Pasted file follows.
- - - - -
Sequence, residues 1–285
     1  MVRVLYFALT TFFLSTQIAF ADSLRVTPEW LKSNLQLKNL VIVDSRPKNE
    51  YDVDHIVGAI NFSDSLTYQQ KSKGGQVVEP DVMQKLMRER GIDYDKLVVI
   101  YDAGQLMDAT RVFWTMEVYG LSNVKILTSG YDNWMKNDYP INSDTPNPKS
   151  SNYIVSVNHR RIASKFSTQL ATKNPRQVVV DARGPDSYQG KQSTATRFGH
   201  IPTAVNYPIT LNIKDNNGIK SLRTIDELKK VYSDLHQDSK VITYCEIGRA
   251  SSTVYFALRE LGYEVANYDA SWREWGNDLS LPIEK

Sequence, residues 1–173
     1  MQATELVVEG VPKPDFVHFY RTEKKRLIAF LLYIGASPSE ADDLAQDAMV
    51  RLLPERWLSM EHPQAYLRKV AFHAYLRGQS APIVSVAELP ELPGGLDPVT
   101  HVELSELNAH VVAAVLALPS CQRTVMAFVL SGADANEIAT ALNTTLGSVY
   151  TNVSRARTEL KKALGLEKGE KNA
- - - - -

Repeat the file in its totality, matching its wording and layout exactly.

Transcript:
Sequence, residues 1–285
     1  MVRVLYFALT TFFLSTQIAF ADSLRVTPEW LKSNLQLKNL VIVDSRPKNE
    51  YDVDHIVGAI NFSDSLTYQQ KSKGGQVVEP DVMQKLMRER GIDYDKLVVI
   101  YDAGQLMDAT RVFWTMEVYG LSNVKILTSG YDNWMKNDYP INSDTPNPKS
   151  SNYIVSVNHR RIASKFSTQL ATKNPRQVVV DARGPDSYQG KQSTATRFGH
   201  IPTAVNYPIT LNIKDNNGIK SLRTIDELKK VYSDLHQDSK VITYCEIGRA
   251  SSTVYFALRE LGYEVANYDA SWREWGNDLS LPIEK

Sequence, residues 1–173
     1  MQATELVVEG VPKPDFVHFY RTEKKRLIAF LLYIGASPSE ADDLAQDAMV
    51  RLLPERWLSM EHPQAYLRKV AFHAYLRGQS APIVSVAELP ELPGGLDPVT
   101  HVELSELNAH VVAAVLALPS CQRTVMAFVL SGADANEIAT ALNTTLGSVY
   151  TNVSRARTEL KKALGLEKGE KNA